Whether ex-pat or immigrant, there is no need for criticism

Dubai Marina. Many Britons have moved to the Middle East to pursue their careers.Picture: PA

Dubai Marina. Many Britons have moved to the Middle East to pursue their careers.Picture: PA - Credit: PA

One in 10 jobseekers looking for a new start on a recruitment website is looking for a job abroad.

USA, France and the UAE (45 degrees today and so stickily humid a walk along the street demands a shirt change) are top of the list as more Britons want to relocate. Canada and Ireland are the next most desirable destinations for Britons, with Australia, Germany and South Africa closely behind.

The grass is always greener, the summers drier, the sun shines and life is more interesting.

These job searchers on Indeed aren't the grouchy whiners who kick the photocopier every Monday lamenting their miserable 9-5 grind, threatening to pack it all in but never have the gumption.

These people are serious about uprooting to seek new challenges overseas, transplanting their family life far away to widen their cultural and language experience and seek adventure.

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Good on them for having the get up and go. Power to their spirit of adventure, their willingness to embrace change and step into the unknown. It takes courage and grit to trade the familiar and comfortable to start again, to build a new friendship group and life in a strange place.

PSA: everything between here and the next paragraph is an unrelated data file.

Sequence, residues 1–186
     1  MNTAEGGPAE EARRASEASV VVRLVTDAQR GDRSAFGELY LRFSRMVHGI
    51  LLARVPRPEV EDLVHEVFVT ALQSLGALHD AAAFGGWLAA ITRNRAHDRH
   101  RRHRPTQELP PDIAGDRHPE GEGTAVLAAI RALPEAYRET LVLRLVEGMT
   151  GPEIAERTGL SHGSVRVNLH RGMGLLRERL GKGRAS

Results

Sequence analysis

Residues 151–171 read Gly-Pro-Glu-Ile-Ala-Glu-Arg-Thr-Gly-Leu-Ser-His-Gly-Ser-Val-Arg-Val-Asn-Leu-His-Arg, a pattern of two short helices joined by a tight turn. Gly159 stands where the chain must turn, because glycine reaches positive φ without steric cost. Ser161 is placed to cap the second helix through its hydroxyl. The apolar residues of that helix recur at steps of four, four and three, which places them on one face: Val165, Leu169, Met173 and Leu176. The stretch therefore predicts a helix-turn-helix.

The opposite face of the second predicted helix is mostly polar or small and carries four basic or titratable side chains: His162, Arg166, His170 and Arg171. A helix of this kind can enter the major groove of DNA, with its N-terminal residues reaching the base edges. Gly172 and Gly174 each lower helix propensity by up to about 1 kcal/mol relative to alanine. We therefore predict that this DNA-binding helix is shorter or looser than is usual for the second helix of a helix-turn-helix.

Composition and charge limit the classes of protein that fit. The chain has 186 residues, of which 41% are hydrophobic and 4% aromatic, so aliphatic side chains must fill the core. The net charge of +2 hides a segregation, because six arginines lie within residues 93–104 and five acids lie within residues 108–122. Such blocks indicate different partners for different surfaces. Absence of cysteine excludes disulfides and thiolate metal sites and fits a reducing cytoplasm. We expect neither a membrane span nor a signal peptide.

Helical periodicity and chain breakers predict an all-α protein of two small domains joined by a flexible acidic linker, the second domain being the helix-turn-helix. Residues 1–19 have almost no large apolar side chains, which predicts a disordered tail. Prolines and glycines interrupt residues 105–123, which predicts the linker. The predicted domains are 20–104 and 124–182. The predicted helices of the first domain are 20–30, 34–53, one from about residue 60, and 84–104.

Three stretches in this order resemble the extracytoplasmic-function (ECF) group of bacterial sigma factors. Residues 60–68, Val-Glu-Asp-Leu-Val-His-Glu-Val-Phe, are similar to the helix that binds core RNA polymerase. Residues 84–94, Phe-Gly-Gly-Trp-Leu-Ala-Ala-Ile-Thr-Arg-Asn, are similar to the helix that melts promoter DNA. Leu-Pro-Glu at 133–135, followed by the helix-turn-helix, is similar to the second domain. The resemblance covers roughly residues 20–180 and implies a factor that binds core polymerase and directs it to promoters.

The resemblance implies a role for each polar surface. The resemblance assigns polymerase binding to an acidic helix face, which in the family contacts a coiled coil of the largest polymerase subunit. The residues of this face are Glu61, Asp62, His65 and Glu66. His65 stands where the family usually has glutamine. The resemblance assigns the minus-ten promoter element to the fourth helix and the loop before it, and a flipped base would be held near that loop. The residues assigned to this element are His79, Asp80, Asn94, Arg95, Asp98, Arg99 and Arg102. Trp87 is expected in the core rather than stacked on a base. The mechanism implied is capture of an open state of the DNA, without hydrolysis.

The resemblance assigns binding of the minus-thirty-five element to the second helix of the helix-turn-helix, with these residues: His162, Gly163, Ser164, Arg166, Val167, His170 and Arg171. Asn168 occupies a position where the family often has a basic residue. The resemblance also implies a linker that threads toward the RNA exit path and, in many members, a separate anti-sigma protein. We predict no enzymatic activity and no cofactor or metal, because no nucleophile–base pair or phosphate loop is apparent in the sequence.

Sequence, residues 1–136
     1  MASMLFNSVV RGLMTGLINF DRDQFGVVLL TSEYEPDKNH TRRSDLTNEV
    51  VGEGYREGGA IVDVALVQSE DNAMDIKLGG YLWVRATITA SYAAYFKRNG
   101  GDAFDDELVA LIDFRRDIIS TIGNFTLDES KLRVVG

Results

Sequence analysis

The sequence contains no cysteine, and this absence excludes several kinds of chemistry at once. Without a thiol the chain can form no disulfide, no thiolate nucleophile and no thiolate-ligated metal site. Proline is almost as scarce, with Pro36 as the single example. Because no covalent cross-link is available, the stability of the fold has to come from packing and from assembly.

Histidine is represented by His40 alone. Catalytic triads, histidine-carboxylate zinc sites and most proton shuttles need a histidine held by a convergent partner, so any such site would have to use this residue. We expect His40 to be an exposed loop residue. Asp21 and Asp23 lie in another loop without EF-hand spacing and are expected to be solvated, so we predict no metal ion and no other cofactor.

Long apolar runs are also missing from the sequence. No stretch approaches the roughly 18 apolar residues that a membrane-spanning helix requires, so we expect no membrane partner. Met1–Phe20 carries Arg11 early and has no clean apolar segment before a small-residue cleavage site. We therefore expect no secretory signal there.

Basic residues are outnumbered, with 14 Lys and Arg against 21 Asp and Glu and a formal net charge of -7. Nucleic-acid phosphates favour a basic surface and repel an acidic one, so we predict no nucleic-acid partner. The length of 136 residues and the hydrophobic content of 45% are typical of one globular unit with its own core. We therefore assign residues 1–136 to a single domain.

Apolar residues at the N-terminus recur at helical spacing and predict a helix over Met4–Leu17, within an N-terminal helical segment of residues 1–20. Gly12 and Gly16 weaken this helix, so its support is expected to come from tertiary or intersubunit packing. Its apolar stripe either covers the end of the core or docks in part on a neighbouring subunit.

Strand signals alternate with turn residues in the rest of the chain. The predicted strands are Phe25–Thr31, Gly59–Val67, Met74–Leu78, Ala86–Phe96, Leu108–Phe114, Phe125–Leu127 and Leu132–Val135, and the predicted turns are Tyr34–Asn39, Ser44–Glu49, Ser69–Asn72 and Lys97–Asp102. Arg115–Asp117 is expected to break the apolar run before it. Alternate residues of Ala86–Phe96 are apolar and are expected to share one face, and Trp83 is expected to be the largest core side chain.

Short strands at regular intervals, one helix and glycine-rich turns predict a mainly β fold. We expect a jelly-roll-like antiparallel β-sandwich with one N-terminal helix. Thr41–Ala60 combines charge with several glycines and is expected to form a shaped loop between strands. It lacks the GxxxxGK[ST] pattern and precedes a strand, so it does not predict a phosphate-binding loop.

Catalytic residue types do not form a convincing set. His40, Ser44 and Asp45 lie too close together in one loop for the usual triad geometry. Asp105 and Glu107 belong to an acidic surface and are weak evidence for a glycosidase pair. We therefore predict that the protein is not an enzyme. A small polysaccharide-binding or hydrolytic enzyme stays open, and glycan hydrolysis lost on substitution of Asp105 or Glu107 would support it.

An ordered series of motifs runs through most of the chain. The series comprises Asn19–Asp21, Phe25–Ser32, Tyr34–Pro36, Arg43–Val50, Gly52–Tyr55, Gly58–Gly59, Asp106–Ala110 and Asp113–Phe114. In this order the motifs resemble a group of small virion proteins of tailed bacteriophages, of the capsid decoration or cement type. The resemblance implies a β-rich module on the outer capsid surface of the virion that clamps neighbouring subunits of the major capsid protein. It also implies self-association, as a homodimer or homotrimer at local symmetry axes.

But moving abroad is too often viewed as a negative judgment about Britain; voting with their feet to get out, running away and a desertion of their homeland rather than the positive step of self-improvement, financial gain and enrichment it really is.

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So what if they're desperate to get away and taste something new? I used to believe jealousy and resentment was behind the sneers at those with the ambition and guts to look outward into the world for a different way and new experiences.

But it's more an anger – a perceived criticism even – that emigrating is a judgment on the people and country left behind; that they think they are unambitious and just not good enough. Most of us are content cocooned in our groundhog day life, remaining in one town, even with one employer throughout a working life and have no reason, at the end of a more than 40-year career, to regret anything.

Horses for courses. They are congratulated for their loyalty and staying power.

But there are rarely pats on backs for the flighty colleague who announces they're off to Seattle for an exciting new role or moving the family to New Zealand for a more outdoor laid-back life.

Abroad, they are called ex-pats, not immigrants, nor economic migrants like the people who take their places here, and largely welcomed as host countries recognise their desire to boost their career while indulging a love of travel.

It's not the day to focus on immigration, but we don't view the more than four million Brits living overseas like the people arriving in Britain doing exactly what they are hoping to do: build careers and new lives in another country. And we forget that many come back after a few years, with new skills, confidence and invaluable experience of life another way. And it works the other way too.

According to the Office for National Statistics, 323,000 Britons emigrated overseas in 2014 and the number increases every year.

We need to stop viewing this as negative, a brain drain and a condemnation that Britain is going to the dogs, just like we need to stop viewing those from overseas who come to take their place here, sharing their motives, as some sort of invaders. For how can people having the confidence to look outside their comfort zone and follow their dreams be a bad thing?

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